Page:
Exporters of fresh-cut flowers transporting their cargo through Meru will no longer pay cess to the county government.
High Court Judge Francis Gikonyo termed the requirement that had put exporters and the county government at odds unconstitutional.
Justice Gikonyo ruled that the exporters would be given free passage until a compromise between the two parties through a consultative forum on the proper mechanism of collection and harmonisation of cess.
The judge pointed out that the Constitution takes into account that the burden of taxation should be shared fairly as the national and county government raise revenue through imposition of taxes and charges.
“This is to avoid double taxation or creating a heavier burden of taxation on concerned taxpayers,” said Justice Gikonyo in a ruling delivered on December 11.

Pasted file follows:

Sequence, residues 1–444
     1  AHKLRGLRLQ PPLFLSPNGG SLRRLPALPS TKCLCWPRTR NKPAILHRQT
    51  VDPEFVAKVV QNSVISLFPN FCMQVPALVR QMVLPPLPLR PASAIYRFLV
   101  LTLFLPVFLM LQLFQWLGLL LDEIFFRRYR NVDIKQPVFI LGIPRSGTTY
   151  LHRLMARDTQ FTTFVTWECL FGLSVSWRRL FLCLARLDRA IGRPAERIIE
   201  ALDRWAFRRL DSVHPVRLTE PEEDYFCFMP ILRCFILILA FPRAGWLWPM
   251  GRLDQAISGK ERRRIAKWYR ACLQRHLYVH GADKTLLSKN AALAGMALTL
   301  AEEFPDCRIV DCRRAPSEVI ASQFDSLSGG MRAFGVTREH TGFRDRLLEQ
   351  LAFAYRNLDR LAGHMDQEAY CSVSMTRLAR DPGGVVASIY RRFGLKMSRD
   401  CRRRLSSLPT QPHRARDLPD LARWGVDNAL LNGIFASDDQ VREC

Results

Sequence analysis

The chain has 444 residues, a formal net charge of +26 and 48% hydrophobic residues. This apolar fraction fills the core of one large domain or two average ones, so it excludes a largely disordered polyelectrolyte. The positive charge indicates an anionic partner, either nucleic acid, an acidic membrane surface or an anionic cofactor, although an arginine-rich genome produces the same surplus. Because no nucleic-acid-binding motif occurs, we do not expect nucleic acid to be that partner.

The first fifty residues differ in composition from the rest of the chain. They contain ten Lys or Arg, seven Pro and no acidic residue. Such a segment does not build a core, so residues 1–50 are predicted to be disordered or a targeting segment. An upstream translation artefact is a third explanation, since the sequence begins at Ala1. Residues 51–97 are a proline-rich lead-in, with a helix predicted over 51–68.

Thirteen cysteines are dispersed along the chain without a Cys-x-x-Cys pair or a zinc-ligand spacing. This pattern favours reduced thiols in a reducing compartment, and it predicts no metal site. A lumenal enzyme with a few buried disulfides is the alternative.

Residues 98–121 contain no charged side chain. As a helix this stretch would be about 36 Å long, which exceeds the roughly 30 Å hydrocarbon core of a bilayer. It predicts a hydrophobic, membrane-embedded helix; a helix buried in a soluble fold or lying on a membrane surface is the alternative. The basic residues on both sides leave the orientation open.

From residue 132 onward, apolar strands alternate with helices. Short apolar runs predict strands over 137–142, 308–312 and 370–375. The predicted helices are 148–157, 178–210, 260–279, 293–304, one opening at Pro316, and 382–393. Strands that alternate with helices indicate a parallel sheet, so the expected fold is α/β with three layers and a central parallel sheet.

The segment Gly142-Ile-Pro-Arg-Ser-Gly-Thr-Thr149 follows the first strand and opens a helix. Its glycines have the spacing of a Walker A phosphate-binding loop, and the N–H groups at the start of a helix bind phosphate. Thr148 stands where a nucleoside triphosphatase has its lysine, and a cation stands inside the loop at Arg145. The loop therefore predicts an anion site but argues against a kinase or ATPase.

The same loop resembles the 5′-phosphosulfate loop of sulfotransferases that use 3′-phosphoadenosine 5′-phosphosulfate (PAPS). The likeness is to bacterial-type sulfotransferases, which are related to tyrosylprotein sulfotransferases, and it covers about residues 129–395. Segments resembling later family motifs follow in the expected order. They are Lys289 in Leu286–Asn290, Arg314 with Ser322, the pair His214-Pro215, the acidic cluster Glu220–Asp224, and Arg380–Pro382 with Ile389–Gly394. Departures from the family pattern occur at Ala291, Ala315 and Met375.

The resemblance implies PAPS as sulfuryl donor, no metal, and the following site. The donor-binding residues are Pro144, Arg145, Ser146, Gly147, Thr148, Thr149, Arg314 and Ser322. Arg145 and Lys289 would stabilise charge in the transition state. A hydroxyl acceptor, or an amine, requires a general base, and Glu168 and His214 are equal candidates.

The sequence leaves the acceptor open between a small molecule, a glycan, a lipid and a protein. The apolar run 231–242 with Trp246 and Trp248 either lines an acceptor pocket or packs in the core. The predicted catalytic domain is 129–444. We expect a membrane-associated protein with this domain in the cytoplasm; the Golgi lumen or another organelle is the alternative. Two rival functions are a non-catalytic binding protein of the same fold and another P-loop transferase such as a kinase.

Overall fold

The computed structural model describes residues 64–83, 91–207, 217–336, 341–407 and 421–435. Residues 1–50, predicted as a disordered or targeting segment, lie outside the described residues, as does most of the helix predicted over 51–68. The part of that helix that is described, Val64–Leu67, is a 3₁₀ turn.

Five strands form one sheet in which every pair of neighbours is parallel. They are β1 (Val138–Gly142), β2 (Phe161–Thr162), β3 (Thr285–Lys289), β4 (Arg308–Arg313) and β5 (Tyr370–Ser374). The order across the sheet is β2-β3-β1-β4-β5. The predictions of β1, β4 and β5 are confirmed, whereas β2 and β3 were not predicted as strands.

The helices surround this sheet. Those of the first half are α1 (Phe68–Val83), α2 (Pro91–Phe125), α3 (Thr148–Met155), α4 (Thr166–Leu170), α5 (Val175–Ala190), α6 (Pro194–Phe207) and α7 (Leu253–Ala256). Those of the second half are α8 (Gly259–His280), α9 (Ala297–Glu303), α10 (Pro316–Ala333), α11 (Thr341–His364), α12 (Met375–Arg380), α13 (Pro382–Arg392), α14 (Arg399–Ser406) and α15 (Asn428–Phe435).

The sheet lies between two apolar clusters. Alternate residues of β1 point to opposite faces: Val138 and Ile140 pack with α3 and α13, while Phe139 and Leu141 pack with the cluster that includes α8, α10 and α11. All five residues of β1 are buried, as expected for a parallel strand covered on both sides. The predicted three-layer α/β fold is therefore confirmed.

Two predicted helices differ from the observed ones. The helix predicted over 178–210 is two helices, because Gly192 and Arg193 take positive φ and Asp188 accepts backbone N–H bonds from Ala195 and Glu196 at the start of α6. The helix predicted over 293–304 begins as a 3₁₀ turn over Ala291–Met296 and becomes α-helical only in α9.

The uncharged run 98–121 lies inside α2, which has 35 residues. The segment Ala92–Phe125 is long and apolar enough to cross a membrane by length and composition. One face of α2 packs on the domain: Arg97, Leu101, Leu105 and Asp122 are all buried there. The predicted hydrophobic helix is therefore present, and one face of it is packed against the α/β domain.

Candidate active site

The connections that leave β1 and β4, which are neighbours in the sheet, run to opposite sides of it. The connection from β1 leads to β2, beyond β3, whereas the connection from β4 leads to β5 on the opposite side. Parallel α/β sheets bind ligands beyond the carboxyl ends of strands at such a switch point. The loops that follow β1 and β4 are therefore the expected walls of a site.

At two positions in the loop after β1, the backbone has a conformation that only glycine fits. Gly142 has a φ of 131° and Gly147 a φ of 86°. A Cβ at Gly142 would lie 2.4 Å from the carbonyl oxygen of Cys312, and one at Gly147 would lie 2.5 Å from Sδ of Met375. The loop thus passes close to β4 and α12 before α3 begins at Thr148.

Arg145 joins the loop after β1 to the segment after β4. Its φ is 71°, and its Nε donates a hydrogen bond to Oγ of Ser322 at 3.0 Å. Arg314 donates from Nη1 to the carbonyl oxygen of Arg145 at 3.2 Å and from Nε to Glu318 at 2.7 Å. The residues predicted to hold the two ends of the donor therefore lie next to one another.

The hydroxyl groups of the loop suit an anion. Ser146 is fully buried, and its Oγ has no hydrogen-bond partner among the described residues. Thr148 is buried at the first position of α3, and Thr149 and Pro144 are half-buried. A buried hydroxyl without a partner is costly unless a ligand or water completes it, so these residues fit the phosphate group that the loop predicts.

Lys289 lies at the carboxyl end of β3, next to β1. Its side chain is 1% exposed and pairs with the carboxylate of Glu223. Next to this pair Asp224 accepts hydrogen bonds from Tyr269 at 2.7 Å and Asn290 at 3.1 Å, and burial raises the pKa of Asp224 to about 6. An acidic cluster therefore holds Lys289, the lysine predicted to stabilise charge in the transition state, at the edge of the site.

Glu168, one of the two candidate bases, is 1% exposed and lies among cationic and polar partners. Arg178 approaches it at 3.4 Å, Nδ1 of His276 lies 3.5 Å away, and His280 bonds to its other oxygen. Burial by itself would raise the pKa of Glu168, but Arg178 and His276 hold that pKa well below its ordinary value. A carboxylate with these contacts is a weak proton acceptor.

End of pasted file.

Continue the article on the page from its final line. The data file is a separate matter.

“Therefore, there is absolute necessity of a mechanism that does not produce unnecessary duplication of taxes and one that averts creation of unduly heavy burden of taxation on a particular category of taxpayers.”
The Kenya Flower Council sued the county government on July 1, 2014, arguing that Clause 4 under the First Schedule relating to the cess amount on fresh-cut flowers was inconsistent with the Constitution, the County Governments Act and Public Finance Management Act 2012.
The council also argued that the move by the county to block or restrain movement of trucks transporting floricultural products through its jurisdiction was unconstitutional.
The move came after the county passed its Finance Act 2014 that imposed a tax of Sh30 per carton of fresh-cut flowers.
The council’s members are already remitting export cess tax to Horticultural Crops Development Authority at the rate of Sh0.30 per kilo.
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